Markets, Economy

Weekly Kickstart (02/12/2018-02/16/2018)

2/12/18 8:00 AM

/iStock-672426462.jpgThe market correction intensified last week, as the S&P 500 fell by 5.16 percent to 2,619.55. That was the largest weekly decline for the benchmark index since January 2016, and included Monday’s 4.10 percent plunge, the worst day for stocks since the August 2011 downgrade of America’s debt rating. For many traders the sharp selloff was to be expected after the market melt-up accelerated at the start of 2018, with a record $78 billion pouring into U.S.-listed ETFs in January, according to State Street Global Advisors. Further, the “euphoric exuberance” in the market also encouraged rapid growth in the number of short-volatility bets, not surprising since this strategy performed extremely well in 2017, one of the most tranquil years for equities on record.


However, short-volatility trades typically utilize leverage, meaning that even a small pullback in the market can trigger a flood of additional selling. That is probably what exacerbated the latest drawdown, and relief rallies may be attempted after the bulk of the short-volatility trades are unwound. Whether a bottom in the market is actually in, though, is unknown, especially as the threats of rising inflation (faster rate hikes) and other potential headwinds remain. Regardless, volatility could stay elevated for the near-future, which is why retirement investors should focus more on the long-term and remember that “time in the market is more important than timing the market.” Additional assistance is available for investors that are consistent participants in a tax-advantaged 401(k) plan, utilize dollar-cost averaging, and regularly consult with a professional financial advisor. As always, we are here to help with any questions you may have.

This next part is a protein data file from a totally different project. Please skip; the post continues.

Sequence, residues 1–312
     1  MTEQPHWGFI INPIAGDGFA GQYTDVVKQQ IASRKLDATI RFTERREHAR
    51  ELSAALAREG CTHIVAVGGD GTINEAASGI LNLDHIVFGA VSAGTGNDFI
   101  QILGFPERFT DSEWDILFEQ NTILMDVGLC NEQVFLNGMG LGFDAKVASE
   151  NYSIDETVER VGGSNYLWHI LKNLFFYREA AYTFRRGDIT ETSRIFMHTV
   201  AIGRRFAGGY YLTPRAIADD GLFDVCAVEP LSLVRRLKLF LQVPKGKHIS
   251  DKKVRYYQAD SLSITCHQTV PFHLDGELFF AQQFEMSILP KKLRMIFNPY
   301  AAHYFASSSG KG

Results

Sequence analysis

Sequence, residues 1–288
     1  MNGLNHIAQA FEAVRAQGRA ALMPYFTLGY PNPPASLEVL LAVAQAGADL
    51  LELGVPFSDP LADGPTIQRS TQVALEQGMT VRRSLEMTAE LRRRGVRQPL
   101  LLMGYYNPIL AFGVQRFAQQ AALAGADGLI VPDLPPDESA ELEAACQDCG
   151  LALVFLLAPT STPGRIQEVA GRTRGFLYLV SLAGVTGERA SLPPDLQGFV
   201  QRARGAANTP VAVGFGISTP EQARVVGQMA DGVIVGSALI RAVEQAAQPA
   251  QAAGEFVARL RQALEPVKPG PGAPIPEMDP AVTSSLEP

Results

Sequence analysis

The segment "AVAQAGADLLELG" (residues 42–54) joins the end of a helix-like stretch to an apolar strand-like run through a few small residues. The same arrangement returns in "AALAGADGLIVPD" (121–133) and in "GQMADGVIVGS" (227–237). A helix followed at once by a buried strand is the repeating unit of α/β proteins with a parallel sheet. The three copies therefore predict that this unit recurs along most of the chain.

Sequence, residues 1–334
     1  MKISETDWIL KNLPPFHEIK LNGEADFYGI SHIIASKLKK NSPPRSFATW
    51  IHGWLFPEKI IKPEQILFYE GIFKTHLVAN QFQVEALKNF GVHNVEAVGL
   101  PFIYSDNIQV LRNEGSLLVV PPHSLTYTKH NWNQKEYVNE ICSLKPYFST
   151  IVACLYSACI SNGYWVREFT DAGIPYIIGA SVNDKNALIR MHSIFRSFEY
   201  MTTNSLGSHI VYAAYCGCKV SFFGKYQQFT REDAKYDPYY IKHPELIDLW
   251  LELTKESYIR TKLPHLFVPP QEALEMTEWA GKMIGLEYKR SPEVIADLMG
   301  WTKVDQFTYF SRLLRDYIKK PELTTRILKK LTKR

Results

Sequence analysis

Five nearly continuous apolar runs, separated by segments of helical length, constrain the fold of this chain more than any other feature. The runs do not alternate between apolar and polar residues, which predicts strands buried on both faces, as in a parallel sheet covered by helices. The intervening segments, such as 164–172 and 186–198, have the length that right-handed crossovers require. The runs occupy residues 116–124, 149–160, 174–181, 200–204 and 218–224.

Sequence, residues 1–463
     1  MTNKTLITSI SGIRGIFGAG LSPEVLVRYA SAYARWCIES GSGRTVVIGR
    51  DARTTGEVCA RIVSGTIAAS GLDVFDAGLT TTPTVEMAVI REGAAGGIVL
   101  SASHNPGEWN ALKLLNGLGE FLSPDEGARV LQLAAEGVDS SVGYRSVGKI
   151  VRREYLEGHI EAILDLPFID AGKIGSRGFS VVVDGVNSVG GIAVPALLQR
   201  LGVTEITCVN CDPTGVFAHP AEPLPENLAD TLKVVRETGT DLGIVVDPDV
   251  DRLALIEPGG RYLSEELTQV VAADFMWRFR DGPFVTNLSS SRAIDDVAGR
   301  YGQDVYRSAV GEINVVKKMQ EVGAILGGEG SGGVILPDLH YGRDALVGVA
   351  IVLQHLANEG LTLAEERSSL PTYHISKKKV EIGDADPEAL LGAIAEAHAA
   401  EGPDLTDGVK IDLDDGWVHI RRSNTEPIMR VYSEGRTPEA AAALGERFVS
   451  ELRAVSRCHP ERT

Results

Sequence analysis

To recap a few of the things we learned about the economy last week, the positives included that mortgage and refinance applications rose, services sector activity firmed, initial jobless claims continued to hover near a multi-decade low, and the quits ratio (a gauge of Americans’ confidence in the labor market) improved. As for the negatives, the nation’s trade deficit widened, consumer credit growth slowed, and the number of job openings in America declined to a 7-month low. This week the pace of economic data picks up slightly, with still several important reports on manufacturing, housing, consumers, inflation, and small business scheduled to be released.


**A more detailed snapshot of the U.S. economy can be found here.**

What To Watch:


  • Nothing significant







Sources: Econoday, SSGA, Bloomberg, J.P. Morgan, FRBSL

Post author: Charles Couch